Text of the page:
Nucleosynthesis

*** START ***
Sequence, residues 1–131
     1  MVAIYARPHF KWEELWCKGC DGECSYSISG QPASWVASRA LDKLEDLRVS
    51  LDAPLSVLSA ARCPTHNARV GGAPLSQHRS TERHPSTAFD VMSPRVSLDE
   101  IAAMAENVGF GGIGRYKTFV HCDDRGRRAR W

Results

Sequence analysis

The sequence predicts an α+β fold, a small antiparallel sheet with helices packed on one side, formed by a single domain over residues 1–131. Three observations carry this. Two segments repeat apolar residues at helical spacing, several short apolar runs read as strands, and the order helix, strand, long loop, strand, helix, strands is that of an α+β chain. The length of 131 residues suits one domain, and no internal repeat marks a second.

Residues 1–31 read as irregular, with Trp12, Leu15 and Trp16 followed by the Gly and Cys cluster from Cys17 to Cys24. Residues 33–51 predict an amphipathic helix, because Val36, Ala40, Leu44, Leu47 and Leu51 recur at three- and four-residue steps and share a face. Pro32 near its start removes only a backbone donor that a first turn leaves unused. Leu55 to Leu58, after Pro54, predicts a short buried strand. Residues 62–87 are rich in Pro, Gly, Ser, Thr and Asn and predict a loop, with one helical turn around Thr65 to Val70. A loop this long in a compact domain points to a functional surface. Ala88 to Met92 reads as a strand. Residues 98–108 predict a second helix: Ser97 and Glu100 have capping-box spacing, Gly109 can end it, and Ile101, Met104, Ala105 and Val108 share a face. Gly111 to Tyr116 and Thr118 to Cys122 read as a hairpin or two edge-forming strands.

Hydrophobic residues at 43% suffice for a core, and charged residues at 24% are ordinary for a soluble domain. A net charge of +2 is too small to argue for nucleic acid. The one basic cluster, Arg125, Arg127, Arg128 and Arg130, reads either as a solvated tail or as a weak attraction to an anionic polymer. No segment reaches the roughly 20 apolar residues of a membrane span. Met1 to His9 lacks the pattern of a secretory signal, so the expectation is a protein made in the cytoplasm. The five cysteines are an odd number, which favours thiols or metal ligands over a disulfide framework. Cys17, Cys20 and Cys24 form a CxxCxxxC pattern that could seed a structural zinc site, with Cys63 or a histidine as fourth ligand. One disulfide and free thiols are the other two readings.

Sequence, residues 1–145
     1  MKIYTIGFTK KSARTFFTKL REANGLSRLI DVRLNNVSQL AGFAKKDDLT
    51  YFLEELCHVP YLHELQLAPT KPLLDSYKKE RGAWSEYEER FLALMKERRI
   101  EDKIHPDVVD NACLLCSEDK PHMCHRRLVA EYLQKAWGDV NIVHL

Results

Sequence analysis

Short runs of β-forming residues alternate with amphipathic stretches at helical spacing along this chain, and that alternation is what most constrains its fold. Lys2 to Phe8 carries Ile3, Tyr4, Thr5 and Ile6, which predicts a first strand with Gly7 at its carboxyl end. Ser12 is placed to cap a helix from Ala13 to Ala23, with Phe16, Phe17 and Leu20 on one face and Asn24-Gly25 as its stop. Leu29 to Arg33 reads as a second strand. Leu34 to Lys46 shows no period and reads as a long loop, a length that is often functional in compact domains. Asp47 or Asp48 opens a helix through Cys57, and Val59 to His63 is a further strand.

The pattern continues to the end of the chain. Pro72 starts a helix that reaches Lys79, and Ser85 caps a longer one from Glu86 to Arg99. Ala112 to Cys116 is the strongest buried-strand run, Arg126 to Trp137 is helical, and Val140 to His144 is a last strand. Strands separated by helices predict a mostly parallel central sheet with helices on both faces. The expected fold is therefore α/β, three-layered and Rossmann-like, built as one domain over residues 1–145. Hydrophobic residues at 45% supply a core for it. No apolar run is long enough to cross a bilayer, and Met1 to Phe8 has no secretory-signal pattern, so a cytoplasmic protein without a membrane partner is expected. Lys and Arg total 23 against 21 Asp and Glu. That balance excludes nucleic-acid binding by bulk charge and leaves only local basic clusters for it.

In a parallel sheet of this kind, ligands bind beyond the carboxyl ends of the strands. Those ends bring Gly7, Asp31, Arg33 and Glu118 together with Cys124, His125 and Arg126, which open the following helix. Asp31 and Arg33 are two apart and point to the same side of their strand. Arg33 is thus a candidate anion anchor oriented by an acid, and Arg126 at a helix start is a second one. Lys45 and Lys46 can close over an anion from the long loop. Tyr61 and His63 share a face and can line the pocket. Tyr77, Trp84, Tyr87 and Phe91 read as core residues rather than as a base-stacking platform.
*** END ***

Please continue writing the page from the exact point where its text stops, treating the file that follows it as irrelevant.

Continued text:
\RequirePackage[l2tabu, orthodox]{nag} \documentclass[10pt,a4paper,twocolumn,openbib]{report} \usepackage[utf8]{inputenc} \usepackage{amsmath} \usepackage{amsfonts} \usepackage{amssymb} \usepackage{graphicx} \usepackage{mhchem} \usepackage{tabu} \usepackage{microtype} \usepackage{xargs} % Use more than one optional parameter in a new commands \usepackage[pdftex,dvipsnames]{xcolor} % Coloured text etc. % \usepackage[colorinlistoftodos,prependcaption,textsize=tiny]{todonotes} \newcommandx{\unsure}[2][1=]{\todo[linecolor=red,backgroundcolor=red!25,bordercolor=red,#1]{#2}} \newcommandx{\change}[2][1=]{\todo[linecolor=blue,backgroundcolor=blue!25,bordercolor=blue,#1]{#2}} \newcommandx{\info}[2][1=]{\todo[linecolor=OliveGreen,backgroundcolor=OliveGreen!25,bordercolor=OliveGreen,#1]{#2}} \newcommandx{\improvement}[2][1=]{\todo[linecolor=Plum,backgroundcolor=Plum!25,bordercolor=Plum,#1]{#2}} \newcommandx{\thiswillnotshow}[2][1=]{\todo[disable,#1]{#2}} \title{Nucleosynthesis} \author{Andrii Magalich} \chapter{Determining the conditions of nucleosynthesis} \section{Nuclear reactions} Generation of light chemical elements from the primordial neutrons and protons occurs through the network of nuclear reactions between nucleons and nuclei (\verb|\ref{fig:stability_line_screen}|). \begin{figure} \centering \includegraphics[width=\linewidth]{images/stability_line_screen} \caption{} \label{fig:stability_line_screen} \end{figure} To determine the conditions of nucleosynthesis, we need to consider the possible processes. They constitute 3 groups by the type of interaction: \begin{itemize} \item Electromagnetic with photons (e.g. $n + p \leftrightarrows \ce{D} + \gamma$) \item Weak transformations of nucleons (e.g. $n + e^+ \leftrightarrows p + \overline{\nu}_e$) \item Other nuclear reactions \end{itemize} \paragraph{Reactions with photons.} These reactions directly interact with the electromagnetic plasma, so their balance is influenced by its thermodynamical state. \paragraph{Weak reactions.} The rate of weak reactions is much smaller than the electromagnetic rate, so it is important to consider the state of Universe expansion when the nucleosynthesis takes place. \paragraph{Regular nuclear reactions.} Nuclei are charged, so the Coulomb barrier can significantly inhibit the reactions. On the other hand, we can classify them by the number of colliding particles: \begin{itemize} \item 2-particle reactions (e.g. $\ce{D} + \ce{D} \leftrightarrows p + \ce{T}$) \item 3-particle reactions (like triple-alpha process $\ce{^4_2 He} + \ce{^4_2 He} \leftrightarrows \ce{^8_4 Be}, \ce{^8_4 Be} + \ce{^4_2 He} \leftrightarrows \ce{^12_6 C}$) \item more complicated processes \end{itemize} Reactions including many particles require more time and higher densities than those that collide only 2. This means that any kind of nucleosynthesis is dominated by 2-particle processes, while 3-particle reactions can mediate generation of nuclei that cannot be created through the former. \section{Deuterium requirement} Generation of nucleus $\ce{^A_Z N}$ from neutrons and protons releases energy in amount equal to the binding energy of the nucleus $\Delta_{N}$. This means that the nuclei will be easily destroyed in the plasma with temperature above the binding energy scale $ T \gtrsim \Delta_N$ (as the mean photon energy is $\overline{p} \sim 3 T$). Considering the 2-particle reactions network of the nucleosynthesis, we can immediately see that the generation of nuclei depend on the abundance of deuterium (fig. \verb|\ref{fig:BBN_reactions}|). \begin{figure} \centering \includegraphics[width=\linewidth]{images/BBN_reactions} \caption{} \label{fig:BBN_reactions} \end{figure} Deuterium requirement restricts the nucleosynthesis conditions to $T < \Delta_D = 2.2 \;MeV$. The mode of deuterium generation depends on the rate of the reaction \begin{equation} p + n \leftrightarrow \gamma + D \end{equation} The cross-section of this reaction can be roughly approximated as \begin{equation} (\sigma v) \approx \frac{\alpha}{m_\pi^2} \approx 0.37 \cdot 10^{-6} MeV^{-2} \end{equation} where $m_\pi^{-1}$ corresponds to the spatial range of strong interactions and $\alpha$ is the fine structure constant related to the creation of a photon. This leads to the following interaction rate: \begin{equation} \Gamma_{p(n,\gamma)D} = n_p \cdot (\sigma v) = \frac{2}{\pi^2} \eta_B \xi(3) T^3 \cdot \frac{\alpha}{m_\pi^2}. \end{equation} Next, comparing this interaction rate with the expansion rate of the Universe, we can determine the temperature when deuterium generation reaction can no longer support thermodynamical equilibrium. \begin{equation} \frac{T^2}{M_*} = H \sim \Gamma = \frac{2}{\pi^2} \eta_B \xi(3) T^3 \cdot \frac{\alpha}{m_\pi^2} \end{equation} \begin{equation} \frac{1}{T_{dec}} = M_* \frac{\alpha}{m_\pi^2} \eta_B \xi(3) \frac{2}{\pi^2} = \frac{8.99 \cdot 10^{-17}}{MeV^{2}} M_* \approx \frac{1}{3 \;eV} \end{equation} If $T_{dec} > \Delta_D$, Deuterium will not be produced thermally and, in absence of some resonant process, will never populate the Universe significantly. In the opposite case, the nuclei will reach the nuclear statistical equilibrium density, but eventually will be driven out of equilibrium as well. Notably, this reaction stays in the equilibrium almost until the recombination, when most nuclear reactions cease, inhibited by the Coulomb barrier. Due to this we assume that the nucleosynthesis takes place somewhere in between recombination and $T = \Delta_D$, with Deuterium production reaction in equilibrium. Notice that the upper bound on the nucleosynthesis does not depend on the details of the Universe evolution, while the lower one can shift, depending on the Hubble rate. Higher Hubble rate means interaction freeze-out at higher temperature. (For conditions when BBN does not happen due to the lack of Deuterium, see App. \verb|\ref{App:no-bbn-hubble}|) \section{Equilibrium theory} \subsection{Nuclear statistical equilibrium} As nuclei are charged non-relativistic particles, their densities will be governed by Boltzmann statistics in kinetic equilibrium: \begin{equation} n_A = g_A \left( \frac{m_A T}{2 \pi} \right)^\frac{3}{2} e^\frac{\mu_A -m_A}{T} \end{equation} Electromagnetic processes are sufficiently fast during all the nucleosynthesis such that the only changing parameter in the formula above is the chemical potential of the specie $\mu_A$. In the case of sufficiently fast interactions between nuclei, chemical potentials $\mu_A$ will also enter the chemical equilibrium: \begin{equation} \mu_A = Z \mu_p + (A-Z) \mu_n \end{equation} This condition ensures that for any nuclear reaction conserving the total number of protons and neutrons, the following will hold: \begin{equation} \sum_{in} \mu_i = \sum_{out} \mu_j \end{equation} As this applies also to protons and neutrons as well, the chemical potential of any nucleus can be expressed as \begin{align} e^\frac{\mu_A}{T} &= e^\frac{Z \mu_p + (A-Z) \mu_n}{T} \\ &= n_p^Z n_n^{A-Z} \left( \frac{2 \pi}{m_n T} \right) ^\frac{3A}{2} 2^{-A} e^\frac{Z m_p + (A-Z) m_n}{T} \end{align} where we neglect the difference in the masses of protons, neutrons and mean nucleon mass in the nuclei $\frac{m_A}{A}$ (while the same difference is important in the exponential). From this we get the total nuclei densities in the nuclear statistical equilibrium: \begin{equation} n_A = g_A A^\frac32 2^{-A} \left(\frac{2 \pi}{m_n T}\right)^\frac{3(A-1)}{2} n_p^Z n_n^{A-Z} e^\frac{B_A}{T} \end{equation} where $B_A = Z m_p + (A-Z) m_n - m_A$ is the binding energy of the nucleus. If all nuclear reactions were in chemical equilibrium, the final abundances of the nuclei would be defined by the formula above and the amount of chemical elements beside the Hydrogen would be negligible. To demonstrate, let's consider the nuclei in equilibrium before nucleosynthesis at the temperature of $1 MeV$ with $\eta_B(1 MeV) = 10^{-9}$: \begin{equation} n_\gamma = \frac{2}{\pi^2} \xi(3) T^3 \approx 0.2435 MeV^3 \end{equation} \begin{equation} \frac{n_n}{n_p} \approx e^{-\frac{m_n - m_p}{T}} = 0.2744 \end{equation} \begin{align} n_B &= n_p \left(1 + \frac{n_n}{n_p}\right) = \eta_B n_\gamma % \\ n_p &= \frac{\eta_B n_\gamma}{1 + (\frac{n_n}{n_p})} % \\ n_n &= \frac{\eta_B n_\gamma}{1 + (\frac{n_n}{n_p})^{-1}} \end{align} \begin{multline} n_A = g_A A^\frac32 2^{-A} \left(\frac{2 \pi}{m_n T}\right)^{\frac32(A-1)} \\ \left(\frac{n_n}{n_p}\right)^{A-Z} \left(\frac{\eta_B n_\gamma}{1 + \frac{n_n}{n_p}}\right)^{A} e^\frac{B_A}{T} \end{multline} \begin{figure} \begin{center} $\begin{tabu}{|c|c|c|c|} \hline \ce{^A Z} & g_A & B_A, MeV & n_A(1 MeV), MeV^3 \\ \hline p & 2 & & 1.9 \cdot 10^{-10} \\ \hline n & 2 & & 5.2 \cdot 10^{-11} \\ \hline \ce{^2 H} & 3 & 2.22 & 1.1 \cdot 10^{-22} \\ \hline \ce{^3 H} & 2 & 6.92 & 2.1 \cdot 10^{-34} \\ \hline \ce{^3 He} & 2 & 7.72 & 1.7 \cdot 10^{-33} \\ \hline \ce{^4 He} & 1 & 28.3 & 1.6 \cdot 10^{-38} \\ \hline \ce{^12 C} & 1 & 92.2 & 1.5 \cdot 10^{-118} \\ \hline \end{tabu} $ \end{center} \caption{Nuclear Statistical Equilibrium (NSE) abundances of the chemical elements} \end{figure} The abundances of elements at the later times can be found from the system of algebraic equations: \begin{align} \begin{cases} n_B &= n_n + n_p + \sum_A n_A \\ \frac{n_n}{n_p} &= e^\frac{-\Delta m}{T} \\ n_A &= g_A A^\frac32 2^{-A} \left(\frac{2 \pi}{m_n T}\right)^{\frac32 (A-1)} n_p^Z n_n^{A-Z} e^\frac{B_A}{T} \end{cases} \end{align} Or, in terms of mass fractions $X_A = \frac{n_A A}{n_B}$: \begin{align} \begin{cases} 1 &= X_n + X_p + \sum_A X_A \\ X_n &= e^{-\frac{m_n-m_p}{T}} X_p \\ X_A &= g_A \left( \zeta(3)^{A-1} \pi^{\frac12 (1-A)} 2^{\frac12 (3A-5)} \right) A^\frac52 (T/m_n)^{\frac32 (A-1)} \\ & \cdot \eta^{A-1} X_p^Z X_n^{A-Z} e^\frac{B_A}{T} \end{cases} \end{align} \section{Kinetic approach} Because of the expansion, equilibrium conditions for all particles cannot be reached during the whole period of nucleosynthesis. More fundamental, kinetic theory is required to describe the dynamics of elements production in the partially equilibrated system. For derivation of kinetic equations, see App. \verb|\ref{App:boltzmann-equation-in-expanding-universe}|. \subsection{Nucleosynthesis as a kinetic system} As the system is in partial equilibrium, one has to write Boltzmann equation only for some of the quantities. For example, electromagnetic interactions are sufficiently fast at all times, so all electrically charged particles are considered to be in dynamical (but not necessarily chemical) equilibrium. These particles have thermal distribution with temperature and chemical potential. Fast interactions equilibrate individual temperatures of te species with the temperature of radiation (photons). This fact greatly reduces the system of kinetic equations and number of quantities to find solutions for. Additionally, at all times relevant for the nucleosynthesis, nuclei are non-relativistic and can be described by number density instead of the distribution function. Then, the following system of equation arises: \begin{align} \frac{\partial f_{\nu_i}(t, y)}{\partial t} + 3 H &= I_{coll}\{f, n_n\} \\ \frac{\partial n_n(t)}{\partial t} + 3 H &= I_{coll}\{f, n\} \\ \frac{\partial n_X(t)}{\partial t} + 3 H &= I_{coll}\{f, n\} \end{align} These equations describe the evolution of neutrinos $\nu_i$, neutrons $n$ and nuclei $X = D, T, He, Li, \dots$. To close the system of equations, one has to supply the Friedmann equation and condition of energy conservation: \begin{align} H^2 &= \frac{8 \pi G \rho}{3} \\ \frac{d \rho}{d t} &= -3 H (\rho + P) \end{align} These equations contain the following independent variables: distributions functions of the relativistic particles that departed from equilibrium $f_\nu$, number densities of the neutrons and nuclei $n_n,X$, temperature $T$ and scale factor $a$. To be complete, this system also requires the presently measured baryon-to-photon ratio and CMB temperature to define the overall baryon charge in the Universe. Starting from the recombination-time value, baryon-to-photon ratio can be traced back through electron-positron annihilation (and other transitions that produce entropy) to the value before neutron decoupling. \subsection{Illustration: Deuterium production model} The simplest model of nucleosynthesis to be solved contains photons, neutrons, protons and Deuterium nuclei involved in the reaction $n+p \leftrightarrow D+\gamma$ while neutrons are allowed to decay $n\rightarrow p$: \begin{align*} \partial_t n_n + 3 H(t) n_n &= -\Gamma_n n_n - (\partial_t n_D + 3 H n_D) \\ \partial_t n_p + 3 H(t) n_p &= +\Gamma_n n_p - (\partial_t n_D + 3 H n_D) \\ \partial_t n_D + 3 H(t) n_D &= \frac{\alpha}{m_\pi^2} \left(\sqrt{\frac{3T}{m}} n_n n_p - e^{-\frac{\Delta}{T}} n_D n_\gamma\right) \\ T(t) &= \sqrt{\frac{M_{pl}}{2 t}} \left( \frac{8 \pi}{3} \frac{\pi^3}{30} g(t) \right)^{-\frac14}\\ H(t) &= \frac{1}{2t} \end{align*} The expansion of the Universe can be taken here as whatever background we wish. Particularly useful control parameter here is the effective number of relativistic degrees of freedom $g(t)$. Consider 3 cases: \begin{itemize} \item constant $g(t) = 7.25 = 2 + \frac78 \cdot 2 \cdot 3 $ (standard cosmology after electron-positron annihilation) \includegraphics[width=\linewidth]{images/D_model_g725} $X_D(\infty) = 0.26675$ \item constant $g(t) = 9 = 2 + \frac78 \cdot 2 \cdot (3+1) $ (additional neutrino-like particle) \includegraphics[width=\linewidth]{images/D_model_g900} $X_D(\infty) = 0.26877$ \item varying $g(t) = 7.25 + 10 e^{-\left(\frac{t-10s}{5s}\right)^2} $ (model background of some transition in the plasma consistent with observations) \includegraphics[width=\linewidth]{images/D_model_gvar} $X_D(\infty) = 0.19567$ \end{itemize} Hence, changes in expansion directly influence the observables of nucleosynthesis. \appendix \chapter{No-BBN Hubble rate} \label{App:no-bbn-hubble} One can calculate the expansion rate that excludes the possibility of the nucleosynthesis altogether (when Deuterium is not produced thermally): \begin{equation} M_* = \frac{m_\pi^2}{\alpha} \frac{\pi^2}{2 \eta_B \xi(3) T} \approx \frac{10^{16} MeV^2}{T} = \frac{M_{pl}}{1.66 \sqrt{g_*}} \end{equation} \begin{equation} H = \frac{T^3}{10^{16} MeV^2} \end{equation} This corresponds to a ridiculous energy density of the Universe at $\sim MeV$ temperatures. \begin{equation} g_* = \left(\frac{M_{pl}}{1.66 M_*} \right)^2 \approx 0.5 \cdot 10^{12} \left(\frac{T}{MeV}\right)^2 \end{equation} \chapter{Boltzmann equation in expanding Universe} \label{App:boltzmann-equation-in-expanding-universe} In general, Boltzmann equation for the distribution function is defined as \begin{equation} \frac{d f(t, x, p)}{d t} = I_{coll}\{f\} \end{equation} where $I_{coll}$ is the collision term, describing the processes that can lead to the non-conservation of phase density (Liouville's theorem). At early times, the Universe is isotropic and homogeneous, such that the distribution function does not depend on the spatial coordinates: \begin{equation} \frac{d f(t, p)}{d t} = I_{coll}\{f\} \end{equation} Furthermore, if the particle in question is non-relativistic, one can average over momenta as well to obtain the equation on the number density: \begin{equation} \frac{d n(t)}{d t} = I_{coll}\{n\} \end{equation} In expanding Universe, change of variables allows to disentangle the momentum coordinate from the time dependence: \begin{equation} y = p a(t) \end{equation} \begin{equation} \frac{\partial f(t, y)}{\partial t} + 3 H = I_{coll}\{f\} \end{equation} And, correspondingly \begin{equation} \frac{\partial n(t)}{\partial t} + 3 H = I_{coll}\{n\} \end{equation} The term $3H$ describes the natural decrease in the phase density due to the expansion of the Universe.